The BMW 3 Gran Turismo is dead. It is with a fair amount of certainty that there will be no reactions of shock and denial at the news, rather many would be trying hard to recall its stumpy visage, the more emphatic will wonder if we should care.

News of the 3GT end came on the back of BMW’s announcement of a drop in operating profits, prevailing economic uncertainty, and rising production costs, which has forced the Bavarian car maker to cull models and streamline its offerings. In such prevailing headwinds, is it to anyone’s surprise that the divisive derivative of the 3 Series family would be the first on the chopping block?

Right from its conception the 3GT was never going to be a BMW-traditionalist pick, it was too left-field for them. Arguably, it was too left-field even for the casual fans who readily embraced BMW’s SUVs and front-wheel drive models.

Just what was the 3GT? To the majority it was another needless niche-seeking model, to the minority who actually understood what it was, it was the most practical car in its class. To the best interpretation of an outside observer, it seems as though BMW’s product planners set out to create the ultimate crossover that would combine everything that people desired. Car-like dynamics, coupe-styling in the form of the pillarless doors and rear liftgate, and an extended wheelbase to accommodate everyone with a raised roofline to make it accessible for everyone. Basically, the 3GT’s idealised customer was one who liked what SUVs had to offer – more room with a taller roofline that didn’t require you to contort yourself to get in or out – but didn’t like what SUVs stood for, conspicuous consumption and the antisocial stigma.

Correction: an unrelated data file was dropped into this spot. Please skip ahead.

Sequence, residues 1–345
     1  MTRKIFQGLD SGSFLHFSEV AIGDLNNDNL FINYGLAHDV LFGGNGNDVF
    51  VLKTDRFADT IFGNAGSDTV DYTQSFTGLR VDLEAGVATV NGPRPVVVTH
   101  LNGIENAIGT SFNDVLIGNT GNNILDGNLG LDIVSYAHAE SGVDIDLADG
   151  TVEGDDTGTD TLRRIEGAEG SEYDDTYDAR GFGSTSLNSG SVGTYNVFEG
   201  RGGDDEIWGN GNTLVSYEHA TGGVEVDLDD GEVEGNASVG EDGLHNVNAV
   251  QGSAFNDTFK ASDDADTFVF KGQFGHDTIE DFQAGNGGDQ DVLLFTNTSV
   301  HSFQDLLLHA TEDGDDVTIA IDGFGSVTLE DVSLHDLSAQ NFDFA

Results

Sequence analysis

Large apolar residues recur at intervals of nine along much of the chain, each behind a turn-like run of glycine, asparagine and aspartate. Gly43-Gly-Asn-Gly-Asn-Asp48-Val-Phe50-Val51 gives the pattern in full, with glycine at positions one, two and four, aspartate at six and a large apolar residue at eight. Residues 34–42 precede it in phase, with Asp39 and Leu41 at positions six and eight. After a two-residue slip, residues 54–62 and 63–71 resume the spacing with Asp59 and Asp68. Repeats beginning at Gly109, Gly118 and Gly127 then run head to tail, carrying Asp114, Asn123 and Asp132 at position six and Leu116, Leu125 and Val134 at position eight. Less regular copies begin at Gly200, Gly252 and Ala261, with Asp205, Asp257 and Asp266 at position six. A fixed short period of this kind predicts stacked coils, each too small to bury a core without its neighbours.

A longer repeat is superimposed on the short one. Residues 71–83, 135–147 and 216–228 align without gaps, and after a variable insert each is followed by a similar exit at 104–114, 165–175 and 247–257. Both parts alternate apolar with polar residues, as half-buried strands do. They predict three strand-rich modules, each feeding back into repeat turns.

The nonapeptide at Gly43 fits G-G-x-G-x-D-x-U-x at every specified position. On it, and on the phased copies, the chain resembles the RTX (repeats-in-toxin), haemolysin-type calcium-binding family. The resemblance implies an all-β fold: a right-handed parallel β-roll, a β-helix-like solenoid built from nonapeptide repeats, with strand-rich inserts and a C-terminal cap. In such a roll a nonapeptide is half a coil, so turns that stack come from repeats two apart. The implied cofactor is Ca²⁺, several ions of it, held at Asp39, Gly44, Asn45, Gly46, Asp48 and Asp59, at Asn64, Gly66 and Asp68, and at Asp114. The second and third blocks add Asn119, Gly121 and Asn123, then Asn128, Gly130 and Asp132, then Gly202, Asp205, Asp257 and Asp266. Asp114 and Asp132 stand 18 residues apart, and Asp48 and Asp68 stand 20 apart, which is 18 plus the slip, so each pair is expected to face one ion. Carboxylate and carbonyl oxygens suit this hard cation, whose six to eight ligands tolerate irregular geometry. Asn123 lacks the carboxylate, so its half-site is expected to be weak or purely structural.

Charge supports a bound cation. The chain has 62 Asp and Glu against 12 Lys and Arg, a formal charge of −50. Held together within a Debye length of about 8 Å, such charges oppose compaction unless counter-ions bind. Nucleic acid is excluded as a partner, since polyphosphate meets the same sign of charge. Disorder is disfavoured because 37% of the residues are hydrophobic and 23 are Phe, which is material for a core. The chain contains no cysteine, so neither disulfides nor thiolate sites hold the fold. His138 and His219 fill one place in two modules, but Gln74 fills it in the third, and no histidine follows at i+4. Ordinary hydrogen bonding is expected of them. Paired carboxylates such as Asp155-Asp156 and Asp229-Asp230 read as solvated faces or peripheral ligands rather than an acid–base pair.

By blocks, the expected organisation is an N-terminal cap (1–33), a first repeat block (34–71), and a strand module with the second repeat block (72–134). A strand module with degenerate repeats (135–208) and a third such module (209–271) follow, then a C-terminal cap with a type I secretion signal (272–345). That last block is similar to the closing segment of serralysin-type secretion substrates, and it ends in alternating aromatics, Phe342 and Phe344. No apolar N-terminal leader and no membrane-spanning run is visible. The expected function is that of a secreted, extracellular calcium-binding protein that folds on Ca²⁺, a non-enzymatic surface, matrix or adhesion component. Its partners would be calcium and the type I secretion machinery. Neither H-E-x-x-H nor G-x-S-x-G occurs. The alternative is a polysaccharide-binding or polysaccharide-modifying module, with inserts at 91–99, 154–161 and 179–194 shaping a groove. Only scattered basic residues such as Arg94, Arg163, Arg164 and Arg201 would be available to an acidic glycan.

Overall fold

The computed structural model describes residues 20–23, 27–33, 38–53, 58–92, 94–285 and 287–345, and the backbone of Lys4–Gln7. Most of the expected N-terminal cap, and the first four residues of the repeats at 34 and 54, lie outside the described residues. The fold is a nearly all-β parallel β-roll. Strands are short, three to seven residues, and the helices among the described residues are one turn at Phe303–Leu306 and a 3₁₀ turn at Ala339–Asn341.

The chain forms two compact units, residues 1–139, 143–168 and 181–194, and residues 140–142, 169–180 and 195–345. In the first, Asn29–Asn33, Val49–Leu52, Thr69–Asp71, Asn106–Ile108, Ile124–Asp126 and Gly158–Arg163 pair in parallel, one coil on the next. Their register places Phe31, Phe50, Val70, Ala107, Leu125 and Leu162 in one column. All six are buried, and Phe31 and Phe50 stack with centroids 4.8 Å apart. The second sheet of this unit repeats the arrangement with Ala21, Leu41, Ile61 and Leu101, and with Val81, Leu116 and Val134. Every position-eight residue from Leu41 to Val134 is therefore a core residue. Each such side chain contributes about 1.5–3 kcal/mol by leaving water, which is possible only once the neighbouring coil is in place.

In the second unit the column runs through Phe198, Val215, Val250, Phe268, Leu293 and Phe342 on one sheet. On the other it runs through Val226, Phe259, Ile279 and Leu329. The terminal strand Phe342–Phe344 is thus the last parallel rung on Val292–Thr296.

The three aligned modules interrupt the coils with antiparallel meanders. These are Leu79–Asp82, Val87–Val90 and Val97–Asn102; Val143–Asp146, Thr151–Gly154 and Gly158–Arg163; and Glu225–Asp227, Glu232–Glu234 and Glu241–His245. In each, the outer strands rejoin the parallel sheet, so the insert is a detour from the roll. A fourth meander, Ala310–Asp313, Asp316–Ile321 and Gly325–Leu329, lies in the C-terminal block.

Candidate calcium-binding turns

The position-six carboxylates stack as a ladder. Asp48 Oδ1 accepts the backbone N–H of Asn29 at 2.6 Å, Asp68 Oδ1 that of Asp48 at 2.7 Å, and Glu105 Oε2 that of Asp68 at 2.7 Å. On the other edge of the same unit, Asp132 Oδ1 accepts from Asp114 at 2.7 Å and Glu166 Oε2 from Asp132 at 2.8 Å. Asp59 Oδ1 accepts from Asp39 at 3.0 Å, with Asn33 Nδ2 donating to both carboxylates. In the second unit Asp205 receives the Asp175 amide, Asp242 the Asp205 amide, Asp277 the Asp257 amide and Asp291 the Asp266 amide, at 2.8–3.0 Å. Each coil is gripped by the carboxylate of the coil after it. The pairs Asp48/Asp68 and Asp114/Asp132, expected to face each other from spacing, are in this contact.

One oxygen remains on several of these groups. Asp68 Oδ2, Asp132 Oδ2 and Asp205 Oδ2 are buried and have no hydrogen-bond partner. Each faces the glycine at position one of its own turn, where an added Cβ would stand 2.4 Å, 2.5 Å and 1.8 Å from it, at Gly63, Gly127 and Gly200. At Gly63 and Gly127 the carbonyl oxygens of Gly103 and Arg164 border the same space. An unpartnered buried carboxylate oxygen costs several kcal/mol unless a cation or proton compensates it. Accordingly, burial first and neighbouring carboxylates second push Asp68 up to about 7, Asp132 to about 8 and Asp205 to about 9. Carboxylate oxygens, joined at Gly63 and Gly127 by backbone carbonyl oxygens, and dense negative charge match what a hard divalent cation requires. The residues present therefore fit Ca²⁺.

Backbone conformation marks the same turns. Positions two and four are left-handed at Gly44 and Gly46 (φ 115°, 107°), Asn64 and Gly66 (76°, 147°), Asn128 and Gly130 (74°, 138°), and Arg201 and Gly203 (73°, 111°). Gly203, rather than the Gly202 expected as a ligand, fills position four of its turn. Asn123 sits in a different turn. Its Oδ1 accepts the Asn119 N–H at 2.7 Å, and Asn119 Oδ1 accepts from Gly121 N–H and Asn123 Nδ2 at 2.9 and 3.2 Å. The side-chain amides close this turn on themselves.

The road to hell is paved with good intentions and the resulting chimera of objective targets created a product that most customers were uncertain of what to make of it – aside from its challenging looks turning their stomachs as well as their wallets away. Tragically BMW’s grand Gran Turismo project ultimately failed to inspire followers as BMW’s other niche creation had before. With no competitors or copycats to further reinforce its identity, nobody could put a finger on what BMW had made. Abhor it or sympathise with it, the 3GT’s demise in favour for more vanilla SUVs is a succinct sign of the times as customers flock to the familiarity of mainstream body styles and manufacturers retreat to the guaranteed returns of the conventional.

For the few who actually had a 3GT-shaped hole in their heart, the only closure to have was that BMW themselves claimed that the 3GT bowed out despite having “a good level of demand”. Whether that was a genuine assessment of the 3GT’s esoteric appeal or a shorthand for admitting that their once trendsetting crystal ball hand thrown them a curve is only to the understanding of insiders within BMW’s boardrooms.

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